For example, the far-reaching problem of undocumented persons in Sabah goes back to Project IC. Then, harmful political deals were struck, and those impacted have had to suffer the price. Sabah continues to bear a grossly unfair burden, as the issue of undocumented persons continues to be a serious obstacle to redress poverty and attract sustainable investment.

At the same time, the situation for refugees and undocumented persons across Malaysia is dire. They cannot work legally, access affordable health care and education, and have been condemned to a life of illegality and despair.

The level of poverty of many stateless persons is truly horrifying. That so many bravely survive is a testimony to the perseverance of the human spirit.

Some do not appreciate that Malaysia has one of the largest stateless populations in the world – more than double the population of Gaza.

While the exact number is not known, more than one million people in Malaysia lack proper documentation, particularly in Sabah. Far too many of these are children, with many born to parents who themselves were born in Malaysia stateless as a result of decades of neglect in how this issue was administered.

The government’s own role in perpetuating the statelessness problem cannot be ignored. The current regressive amendments being introduced will only worsen the situation and will not in any way move Malaysia forward to resolve these difficult issues.

Regressive political discourse

The amendments are not the only issue causing concern. The last week has seen outrage with KK Mart’s sale of offensively labelled socks.

What the supermarket did was wrong, and they should have known better. Many have spoken out on this issue after the franchise’s apology. KK Mart has rightly been rebuked and should consider further steps to make amends through philanthropy and new safeguards and measures to train staff. This incident is a learning moment that can become constructive.

Instead, it has served as a catalyst to reduce rights and engage in divisive discourse. Trauma is being unnecessarily compounded. Doxing and vigilantism have not been repudiated, for example.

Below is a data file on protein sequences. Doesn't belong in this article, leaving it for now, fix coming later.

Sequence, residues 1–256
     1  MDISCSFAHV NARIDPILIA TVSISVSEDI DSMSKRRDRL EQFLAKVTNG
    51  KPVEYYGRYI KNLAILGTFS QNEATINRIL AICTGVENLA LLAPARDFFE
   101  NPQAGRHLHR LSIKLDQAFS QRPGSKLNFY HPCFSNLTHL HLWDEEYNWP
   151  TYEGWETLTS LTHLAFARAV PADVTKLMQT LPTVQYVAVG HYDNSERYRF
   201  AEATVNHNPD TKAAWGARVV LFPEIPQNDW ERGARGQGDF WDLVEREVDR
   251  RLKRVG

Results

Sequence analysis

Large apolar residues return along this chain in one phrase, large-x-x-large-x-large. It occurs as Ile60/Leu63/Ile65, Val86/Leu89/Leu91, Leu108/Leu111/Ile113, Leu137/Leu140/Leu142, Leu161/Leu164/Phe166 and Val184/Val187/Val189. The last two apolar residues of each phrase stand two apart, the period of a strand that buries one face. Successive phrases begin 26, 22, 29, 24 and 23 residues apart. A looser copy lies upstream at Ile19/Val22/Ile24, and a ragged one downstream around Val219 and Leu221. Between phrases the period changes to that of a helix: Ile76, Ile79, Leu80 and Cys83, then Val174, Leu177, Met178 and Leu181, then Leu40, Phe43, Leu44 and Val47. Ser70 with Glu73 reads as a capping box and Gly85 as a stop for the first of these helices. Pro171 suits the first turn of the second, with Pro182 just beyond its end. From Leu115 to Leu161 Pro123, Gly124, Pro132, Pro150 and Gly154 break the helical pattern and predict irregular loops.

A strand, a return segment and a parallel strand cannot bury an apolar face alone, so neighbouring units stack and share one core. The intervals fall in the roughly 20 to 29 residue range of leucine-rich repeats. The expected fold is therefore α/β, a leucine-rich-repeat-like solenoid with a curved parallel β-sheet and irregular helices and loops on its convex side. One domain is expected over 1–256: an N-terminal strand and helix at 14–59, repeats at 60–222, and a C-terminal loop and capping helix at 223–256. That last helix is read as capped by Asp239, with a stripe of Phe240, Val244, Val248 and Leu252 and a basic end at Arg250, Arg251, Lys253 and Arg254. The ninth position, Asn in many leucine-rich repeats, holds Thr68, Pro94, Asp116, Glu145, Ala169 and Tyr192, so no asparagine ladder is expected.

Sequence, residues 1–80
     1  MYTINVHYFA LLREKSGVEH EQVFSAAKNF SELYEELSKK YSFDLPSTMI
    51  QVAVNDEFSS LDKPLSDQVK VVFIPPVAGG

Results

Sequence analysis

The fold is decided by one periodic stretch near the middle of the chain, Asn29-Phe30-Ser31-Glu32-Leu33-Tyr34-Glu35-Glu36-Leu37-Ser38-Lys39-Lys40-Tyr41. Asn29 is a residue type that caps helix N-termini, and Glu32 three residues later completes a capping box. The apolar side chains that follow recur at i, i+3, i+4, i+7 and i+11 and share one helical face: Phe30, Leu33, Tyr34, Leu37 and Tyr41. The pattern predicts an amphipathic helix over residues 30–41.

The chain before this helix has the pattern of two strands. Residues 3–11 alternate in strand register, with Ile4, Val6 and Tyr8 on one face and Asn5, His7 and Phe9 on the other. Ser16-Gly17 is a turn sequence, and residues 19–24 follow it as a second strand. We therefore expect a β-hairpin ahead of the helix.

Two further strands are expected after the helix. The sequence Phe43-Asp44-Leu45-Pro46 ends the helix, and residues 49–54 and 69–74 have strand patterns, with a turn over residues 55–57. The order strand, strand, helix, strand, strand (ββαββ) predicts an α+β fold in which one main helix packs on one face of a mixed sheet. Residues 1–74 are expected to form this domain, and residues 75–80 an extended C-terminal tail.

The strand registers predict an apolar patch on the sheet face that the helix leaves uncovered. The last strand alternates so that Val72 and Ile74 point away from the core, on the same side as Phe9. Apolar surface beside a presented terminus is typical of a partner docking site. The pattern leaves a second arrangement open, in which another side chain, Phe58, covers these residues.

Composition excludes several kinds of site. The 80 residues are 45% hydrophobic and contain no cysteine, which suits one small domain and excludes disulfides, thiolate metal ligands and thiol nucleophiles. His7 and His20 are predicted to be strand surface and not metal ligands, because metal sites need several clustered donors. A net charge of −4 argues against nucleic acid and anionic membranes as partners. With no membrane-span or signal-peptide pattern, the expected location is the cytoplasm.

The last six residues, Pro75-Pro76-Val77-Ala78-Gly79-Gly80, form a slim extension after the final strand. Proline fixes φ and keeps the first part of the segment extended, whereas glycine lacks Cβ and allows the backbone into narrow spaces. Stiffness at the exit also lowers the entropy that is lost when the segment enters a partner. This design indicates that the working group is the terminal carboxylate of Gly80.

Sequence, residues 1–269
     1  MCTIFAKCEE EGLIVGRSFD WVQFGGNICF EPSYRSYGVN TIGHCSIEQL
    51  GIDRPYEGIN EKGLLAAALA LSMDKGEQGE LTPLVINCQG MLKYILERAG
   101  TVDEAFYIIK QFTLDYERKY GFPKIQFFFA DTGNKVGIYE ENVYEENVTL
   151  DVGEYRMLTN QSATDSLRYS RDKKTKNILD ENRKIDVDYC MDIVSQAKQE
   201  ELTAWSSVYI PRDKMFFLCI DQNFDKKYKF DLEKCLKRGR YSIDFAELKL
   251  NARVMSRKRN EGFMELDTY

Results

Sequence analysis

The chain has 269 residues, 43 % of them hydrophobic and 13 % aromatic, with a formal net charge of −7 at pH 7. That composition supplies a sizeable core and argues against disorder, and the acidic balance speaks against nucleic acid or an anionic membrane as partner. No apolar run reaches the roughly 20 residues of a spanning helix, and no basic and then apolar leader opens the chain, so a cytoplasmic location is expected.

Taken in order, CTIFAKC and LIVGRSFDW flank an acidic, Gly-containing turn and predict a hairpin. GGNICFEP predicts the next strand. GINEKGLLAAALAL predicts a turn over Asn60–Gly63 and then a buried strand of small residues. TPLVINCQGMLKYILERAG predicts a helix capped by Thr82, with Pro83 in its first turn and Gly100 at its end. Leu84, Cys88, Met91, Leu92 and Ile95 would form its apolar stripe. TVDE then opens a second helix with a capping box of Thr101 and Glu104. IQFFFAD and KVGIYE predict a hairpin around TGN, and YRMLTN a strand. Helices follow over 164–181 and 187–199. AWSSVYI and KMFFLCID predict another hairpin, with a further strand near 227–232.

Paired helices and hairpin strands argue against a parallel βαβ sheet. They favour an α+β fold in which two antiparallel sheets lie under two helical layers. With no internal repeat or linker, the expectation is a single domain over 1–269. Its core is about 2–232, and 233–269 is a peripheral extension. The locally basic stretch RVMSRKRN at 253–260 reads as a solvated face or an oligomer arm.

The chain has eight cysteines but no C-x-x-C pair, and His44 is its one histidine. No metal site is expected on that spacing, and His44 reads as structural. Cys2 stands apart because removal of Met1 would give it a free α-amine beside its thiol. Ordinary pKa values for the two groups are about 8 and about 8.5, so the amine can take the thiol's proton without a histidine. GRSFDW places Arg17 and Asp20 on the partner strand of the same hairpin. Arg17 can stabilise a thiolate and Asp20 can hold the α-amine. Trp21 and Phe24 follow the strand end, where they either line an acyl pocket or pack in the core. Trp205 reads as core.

A key ally in the government – Umno – has opted to stoke religious anger. While the issue is being portrayed as building on Gaza boycotts, the overtones of attacking Malaysian minorities in Malaysia in the KK Mart incident are present.

The government has empowered its Umno ally who now seems to be feeding political polarisation unnecessarily. Umno is using tried methods of division to try to build support for itself at the expense of harm being caused. Sadly, additional wrongs do not make a right.

Better approach to sensitive incidents needed

The KK Mart incident should serve as a catalyst to strengthen efforts to promote unity and ethnic understanding. Emotions are understandably strong, but these can be better addressed through proactive measures that provide means for discussion and redress. A sit-down and concrete measures to move forward offer a short-term path ahead.

In the medium term, the Anwar government needs clear and substantive plans to promote better understanding across communities. These issues are also multifaceted and complex, requiring multiple solutions.

So far, little has been done, with the go-to responses deepening resentment, including arrests of some ordinary citizens and not others.

Recent developments highlight that the government is far from promoting unity and is itself divided on issues such as citizenship and handling of religious issues. What especially has been of concern is the approach has not been focused on viable solutions.

Instead, rushed amendments and emotive political rhetoric worsen issues and cause unnecessary harm. So-called political compromise is being used as an excuse.

For too long, politics held Malaysia back. Now, unfortunately, politics continues to hold the Anwar government back. It can do better.


First published on Malaysiakini.